Throughout March in the US, parents of children born with severely life-limiting conditions shared their stories as part of Trisomy Awareness Month.
Many of the parents were told that their unborn child was ‘incompatible with life’ after learning that they had conditions such as Trisomy 18, also known as Edwards’ syndrome.
But they all spoke with passion of their determination to resist pressure from doctors and bring their child into the world.
The parents of Kristina Krotzer were told that she would be very likely to die within moments of being born.
She had been diagnosed with Edwards’ syndrome, a chromosomal condition which causes internal organ defects.
But in March 2000, Kristina was born and after five days in hospital she was allowed to go home.
Incompatible with life
Amazingly Kristina is still alive 15 years later, she is going to school and her mum Terre says her daughter has taught her to “value every single day that we get”.
Naomi Coy was likewise told that her baby girl was ‘incompatible with life’ and repeatedly advised to have an abortion, after her baby was diagnosed with Edwards’ syndrome.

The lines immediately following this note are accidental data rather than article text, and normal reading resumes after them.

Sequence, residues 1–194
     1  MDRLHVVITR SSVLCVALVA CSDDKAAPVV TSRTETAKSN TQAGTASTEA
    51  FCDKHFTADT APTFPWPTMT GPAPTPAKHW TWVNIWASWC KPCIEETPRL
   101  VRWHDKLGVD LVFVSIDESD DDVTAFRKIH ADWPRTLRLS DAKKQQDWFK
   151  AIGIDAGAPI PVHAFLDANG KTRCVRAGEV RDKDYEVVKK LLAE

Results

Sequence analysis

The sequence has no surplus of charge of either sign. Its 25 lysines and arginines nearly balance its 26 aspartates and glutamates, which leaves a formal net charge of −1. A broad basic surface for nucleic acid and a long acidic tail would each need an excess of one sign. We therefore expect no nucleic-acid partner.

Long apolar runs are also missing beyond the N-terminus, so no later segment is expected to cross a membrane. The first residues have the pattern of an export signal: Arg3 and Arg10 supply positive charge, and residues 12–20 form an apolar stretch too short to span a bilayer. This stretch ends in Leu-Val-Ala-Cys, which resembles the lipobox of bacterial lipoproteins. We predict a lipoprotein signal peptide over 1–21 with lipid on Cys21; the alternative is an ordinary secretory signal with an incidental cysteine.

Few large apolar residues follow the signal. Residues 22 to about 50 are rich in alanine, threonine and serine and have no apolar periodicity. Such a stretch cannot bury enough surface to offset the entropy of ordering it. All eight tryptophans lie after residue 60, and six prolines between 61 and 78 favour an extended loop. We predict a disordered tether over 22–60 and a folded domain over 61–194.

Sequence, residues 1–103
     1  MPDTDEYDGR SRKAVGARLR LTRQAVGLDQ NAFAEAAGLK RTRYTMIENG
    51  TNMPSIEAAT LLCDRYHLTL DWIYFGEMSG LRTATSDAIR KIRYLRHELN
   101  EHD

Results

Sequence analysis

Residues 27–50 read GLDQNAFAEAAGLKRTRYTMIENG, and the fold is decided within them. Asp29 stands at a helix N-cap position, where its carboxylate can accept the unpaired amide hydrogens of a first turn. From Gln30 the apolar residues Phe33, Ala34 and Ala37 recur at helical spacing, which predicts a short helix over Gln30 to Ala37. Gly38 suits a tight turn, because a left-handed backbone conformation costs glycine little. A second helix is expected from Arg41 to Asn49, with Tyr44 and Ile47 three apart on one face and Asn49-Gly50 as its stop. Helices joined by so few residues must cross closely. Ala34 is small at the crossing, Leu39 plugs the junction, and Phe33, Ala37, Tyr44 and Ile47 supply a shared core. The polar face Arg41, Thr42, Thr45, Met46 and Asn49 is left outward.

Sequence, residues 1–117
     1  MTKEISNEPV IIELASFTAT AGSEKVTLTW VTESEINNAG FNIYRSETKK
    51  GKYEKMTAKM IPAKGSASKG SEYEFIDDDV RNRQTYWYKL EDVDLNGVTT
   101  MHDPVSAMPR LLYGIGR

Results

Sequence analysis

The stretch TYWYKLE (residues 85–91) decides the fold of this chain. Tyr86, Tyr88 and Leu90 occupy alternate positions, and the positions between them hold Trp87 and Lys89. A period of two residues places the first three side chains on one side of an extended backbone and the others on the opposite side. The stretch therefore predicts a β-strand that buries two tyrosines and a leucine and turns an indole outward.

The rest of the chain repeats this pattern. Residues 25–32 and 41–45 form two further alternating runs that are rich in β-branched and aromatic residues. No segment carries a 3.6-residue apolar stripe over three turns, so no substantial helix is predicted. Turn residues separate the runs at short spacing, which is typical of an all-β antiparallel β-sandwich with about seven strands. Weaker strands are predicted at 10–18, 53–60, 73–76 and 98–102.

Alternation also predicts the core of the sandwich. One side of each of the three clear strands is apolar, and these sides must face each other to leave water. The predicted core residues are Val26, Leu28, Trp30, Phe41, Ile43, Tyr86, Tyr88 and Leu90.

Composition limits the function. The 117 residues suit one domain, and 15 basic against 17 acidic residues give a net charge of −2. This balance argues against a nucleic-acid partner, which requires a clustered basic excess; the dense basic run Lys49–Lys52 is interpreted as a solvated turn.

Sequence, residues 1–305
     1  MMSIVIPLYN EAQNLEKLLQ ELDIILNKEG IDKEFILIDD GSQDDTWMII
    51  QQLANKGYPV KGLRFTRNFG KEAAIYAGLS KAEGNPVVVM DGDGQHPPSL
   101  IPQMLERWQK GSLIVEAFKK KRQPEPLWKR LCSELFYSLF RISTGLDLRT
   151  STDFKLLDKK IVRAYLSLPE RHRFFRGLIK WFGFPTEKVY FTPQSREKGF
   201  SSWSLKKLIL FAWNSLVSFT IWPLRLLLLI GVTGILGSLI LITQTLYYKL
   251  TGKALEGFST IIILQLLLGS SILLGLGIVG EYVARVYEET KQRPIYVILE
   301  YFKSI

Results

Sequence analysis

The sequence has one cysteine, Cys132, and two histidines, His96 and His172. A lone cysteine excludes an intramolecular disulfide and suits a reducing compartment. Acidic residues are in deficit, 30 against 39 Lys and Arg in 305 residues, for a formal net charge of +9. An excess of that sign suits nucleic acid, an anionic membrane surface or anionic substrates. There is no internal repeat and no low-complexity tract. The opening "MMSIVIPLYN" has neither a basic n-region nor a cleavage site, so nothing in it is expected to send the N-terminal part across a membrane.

But she told the doctor: “Just because she has an extra chromosome and a few abnormalities, doesn’t mean she is not our sweet, precious baby. We are pro-life and you are not going to change our minds.”
Wonderful and terrible
Baby Eliana was born in December last year and after undergoing heart surgery, Naomi says: “She is doing very well”.
In Canada, MP Kyle Seeback shared the story of his son Elijah, again diagnosed with Trisomy 18, and tragically stillborn.
However, Mr Seeback said that “the time we had together was incredibly moving, powerful, wonderful, and terrible, I don’t know how else to describe it”.
Babies born with other serious life-limiting conditions are also living, in defiance of medical expectations.
Angela Morales, now one year old, was born with anencephaly – a condition in which the skull and brain fail to develop – which often results in death before or shortly after birth.
Her mum Sonia was told she was ‘incompatible with life’ but she told American news network NBC 10 News: “No, anencephaly is not incompatible for life, because she is living and she’s proving that these babies can live.”
Not a medical diagnosis
A pro-life organisation recently addressed the United Nations, calling for the medical establishment to discontinue the use of the term ‘incompatible with life’.
Every Life Counts travelled to Switzerland to mark the launch of the Geneva Declaration on Perinatal Care.
The declaration states: ‶As medical practitioners and researchers, we declare that the term ‘incompatible with life’ is not a medical diagnosis and should not be used when describing unborn children who may have a life-limiting condition.”